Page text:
The property slopes slightly from front to back, and from the house to the side street. If you go out the back door you step onto a platform, and then you have to go left, down three steps, or right and down four, to the cement walkway that runs along the back and continues to the side gate and out to the sidewalk.
Rather than keep the sideways slope, someone, at some point, had built a retaining wall and put a chain link fence on top, along the street side so that the ground in the back yard was straight until it hit the fence. (There’s a hedge along the sidewalk, up that side and across the front, outside of the chain-link fence threaded through with vinyl strips. The other two boundaries, the interior side and the back length, have wooden fences.)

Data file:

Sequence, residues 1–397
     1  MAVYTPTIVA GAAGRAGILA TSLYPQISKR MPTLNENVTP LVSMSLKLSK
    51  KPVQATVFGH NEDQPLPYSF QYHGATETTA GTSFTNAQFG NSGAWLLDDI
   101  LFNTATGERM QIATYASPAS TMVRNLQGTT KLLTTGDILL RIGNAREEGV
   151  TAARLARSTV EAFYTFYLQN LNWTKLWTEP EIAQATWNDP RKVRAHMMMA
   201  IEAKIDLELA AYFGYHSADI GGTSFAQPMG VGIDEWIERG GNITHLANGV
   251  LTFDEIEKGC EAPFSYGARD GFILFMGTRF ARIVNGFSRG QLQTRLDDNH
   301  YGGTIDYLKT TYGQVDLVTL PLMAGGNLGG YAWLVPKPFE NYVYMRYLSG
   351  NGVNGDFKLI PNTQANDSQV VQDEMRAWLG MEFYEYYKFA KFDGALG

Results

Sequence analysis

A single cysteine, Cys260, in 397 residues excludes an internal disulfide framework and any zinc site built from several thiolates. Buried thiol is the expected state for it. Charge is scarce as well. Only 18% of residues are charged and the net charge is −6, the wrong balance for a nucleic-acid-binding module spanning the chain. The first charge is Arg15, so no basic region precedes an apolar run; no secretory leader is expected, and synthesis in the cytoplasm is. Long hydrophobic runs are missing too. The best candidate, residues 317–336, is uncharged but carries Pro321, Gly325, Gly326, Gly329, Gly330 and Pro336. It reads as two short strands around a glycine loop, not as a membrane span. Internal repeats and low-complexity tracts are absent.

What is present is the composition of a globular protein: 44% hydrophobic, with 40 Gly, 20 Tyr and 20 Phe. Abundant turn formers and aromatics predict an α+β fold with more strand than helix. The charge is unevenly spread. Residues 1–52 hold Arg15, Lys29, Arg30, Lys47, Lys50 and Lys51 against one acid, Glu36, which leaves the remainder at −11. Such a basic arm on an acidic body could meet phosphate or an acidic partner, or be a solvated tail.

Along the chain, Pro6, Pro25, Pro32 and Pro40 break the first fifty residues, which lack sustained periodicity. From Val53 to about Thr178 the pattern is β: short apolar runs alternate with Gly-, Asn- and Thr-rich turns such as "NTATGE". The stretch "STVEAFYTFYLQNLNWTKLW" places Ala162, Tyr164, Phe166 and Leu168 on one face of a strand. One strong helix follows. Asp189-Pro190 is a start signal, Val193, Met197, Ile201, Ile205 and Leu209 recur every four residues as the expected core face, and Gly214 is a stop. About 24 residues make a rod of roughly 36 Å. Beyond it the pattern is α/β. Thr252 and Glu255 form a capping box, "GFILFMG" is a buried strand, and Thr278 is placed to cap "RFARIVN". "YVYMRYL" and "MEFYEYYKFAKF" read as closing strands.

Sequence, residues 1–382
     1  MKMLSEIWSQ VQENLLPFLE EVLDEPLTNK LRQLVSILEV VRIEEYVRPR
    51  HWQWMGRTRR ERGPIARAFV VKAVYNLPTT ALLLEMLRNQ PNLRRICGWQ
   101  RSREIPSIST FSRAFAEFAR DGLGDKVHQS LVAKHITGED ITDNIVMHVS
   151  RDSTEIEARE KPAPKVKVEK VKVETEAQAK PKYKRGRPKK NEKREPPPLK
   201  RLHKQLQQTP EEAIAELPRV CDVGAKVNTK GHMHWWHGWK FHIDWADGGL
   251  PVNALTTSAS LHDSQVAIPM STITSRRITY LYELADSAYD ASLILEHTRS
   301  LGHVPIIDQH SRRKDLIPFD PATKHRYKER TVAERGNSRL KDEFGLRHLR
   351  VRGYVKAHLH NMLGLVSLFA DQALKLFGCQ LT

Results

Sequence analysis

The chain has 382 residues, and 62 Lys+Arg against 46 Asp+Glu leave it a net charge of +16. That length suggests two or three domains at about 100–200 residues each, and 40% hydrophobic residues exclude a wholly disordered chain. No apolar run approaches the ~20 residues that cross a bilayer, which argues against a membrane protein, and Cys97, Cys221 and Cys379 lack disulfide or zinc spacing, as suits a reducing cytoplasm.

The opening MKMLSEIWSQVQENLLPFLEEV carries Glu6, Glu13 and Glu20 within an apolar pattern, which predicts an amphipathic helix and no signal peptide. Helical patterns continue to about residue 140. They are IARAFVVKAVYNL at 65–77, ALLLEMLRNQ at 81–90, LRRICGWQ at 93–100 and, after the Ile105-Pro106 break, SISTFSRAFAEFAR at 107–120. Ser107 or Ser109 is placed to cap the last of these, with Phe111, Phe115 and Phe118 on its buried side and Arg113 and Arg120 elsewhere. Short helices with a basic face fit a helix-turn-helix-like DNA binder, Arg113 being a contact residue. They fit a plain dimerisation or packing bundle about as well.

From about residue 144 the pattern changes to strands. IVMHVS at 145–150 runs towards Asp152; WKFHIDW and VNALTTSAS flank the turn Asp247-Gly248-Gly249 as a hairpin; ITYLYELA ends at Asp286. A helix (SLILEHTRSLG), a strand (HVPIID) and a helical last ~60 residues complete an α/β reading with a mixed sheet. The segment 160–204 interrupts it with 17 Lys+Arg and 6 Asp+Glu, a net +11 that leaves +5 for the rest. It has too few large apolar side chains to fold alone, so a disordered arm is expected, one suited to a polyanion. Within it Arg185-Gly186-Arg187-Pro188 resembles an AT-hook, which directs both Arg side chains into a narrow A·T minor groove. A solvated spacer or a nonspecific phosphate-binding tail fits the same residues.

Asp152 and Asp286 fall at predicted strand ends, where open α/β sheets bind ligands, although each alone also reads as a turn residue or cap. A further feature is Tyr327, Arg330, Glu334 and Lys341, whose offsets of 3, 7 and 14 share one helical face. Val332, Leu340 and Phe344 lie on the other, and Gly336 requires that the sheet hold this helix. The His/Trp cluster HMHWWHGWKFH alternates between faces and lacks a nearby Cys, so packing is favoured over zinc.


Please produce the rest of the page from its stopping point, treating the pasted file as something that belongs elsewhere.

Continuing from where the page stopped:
I measured the width of one lawnmower pass along the side of the house, and that left a seven-by-seven-foot square section, which served as an automatic raised bed. It even had a small line of cinder blocks on the far side, away from the back walkway. Perfect, but it was overgrown.
Neither one of us was capable of digging it up. But we had always grown something, even if it had come down to only tomatoes and zucchini.
The previous year, for the first time, we hadn’t even had that. Because I was in an accident and my husband wrenched his knee within the same week, we didn’t even grow tomatoes in 2012. A generous friend found all her various tomato plants booming at the same time and shared her surplus, which kept us out of misery, but we had none of our own.
As far as I’m concerned, one of the reasons to have summer at all is to be able to have real tomatoes. Here was a place with sunshine and easy reach, but we needed some help.